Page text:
According to statistics from the Moffitt Health Center at Southern Miss, more than 200 students have come to the center with seasonal allergies. Contextually, between 10 and 30 percent of United States citizens young and old have become victim to the springtime annoyances.
According to promotions coordinator Kayla Johnson, executive director and physician of over 20 years Melissa Roberts is the Moffitt Health Center’s allergen specialist.
Pollen allergies, scientifically referred to as “Seasonal Allergic Rhinitis” is characterized by paroxysms, a medical term for “violent bouts,” of sneezing, rhinorrhea. This calls for an excessive amount of mucus discharge and nasal obstruction often accompanied by itching of the eyes, nose, and palate. Postnasal drip, cough, irritability, and fatigue are other common symptoms.
Roberts said, “An allergy is a response of the immune system that causes a reaction to normally harmless substances called allergens. Allergy symptoms are caused by histamines that initiate an inflammatory response to protect the body. Pollen-related allergic reactions are strongest when the plants around you begin to bloom in spring.”
“I have minor allergies, so when the weather suddenly changes, I get sick like most people,” Molinda Shimp, junior interior design major, said. “It was worse when I was younger – as in I would be sick for at least a week every sudden season change.”
If plants are the culprit, some may suspect that sufferers should simply avoid the outside world and stay in their air-tight, safe rooms. Roberts does not agree, but she does recommend those affected to minimize exposure to their allergen triggers by staying indoors whenever possible and keeping car windows closed.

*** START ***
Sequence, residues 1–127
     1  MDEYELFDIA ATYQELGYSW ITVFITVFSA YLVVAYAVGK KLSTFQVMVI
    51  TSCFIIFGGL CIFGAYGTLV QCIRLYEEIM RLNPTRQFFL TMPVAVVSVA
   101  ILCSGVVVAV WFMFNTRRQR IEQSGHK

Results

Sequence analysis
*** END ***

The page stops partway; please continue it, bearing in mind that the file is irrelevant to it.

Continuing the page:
For those looking for a solution to their minor or severe allergies, Johnson recommends an over-the- counter antihistamine like Zyrtec, Claritin or Allegra.
“Allergy season tends to be a very unpleasant surprise like finding out your ex is going to be your co-worker on your first day at your dream job,” junior nursing major Joshua Robinson said. “You can’t just leave. You have things to do, so I simply suffer in silence, quietly accepting that my day is going to be crap.”
Johnson also recommends Pollen. com as a source for extra information. Pollen.com has resources like a forecast for pollen counts and a map of the United States that gives allergen statistics by city. According to Pollen.com, Hattiesburg’s top allergens include oak, grasses and juniper.
Johnson said the Moffitt Health Center does not currently test for allergies, but the Hattiesburg Clinic’s “Allergy Asthma and Immunology” branch tests for allergens.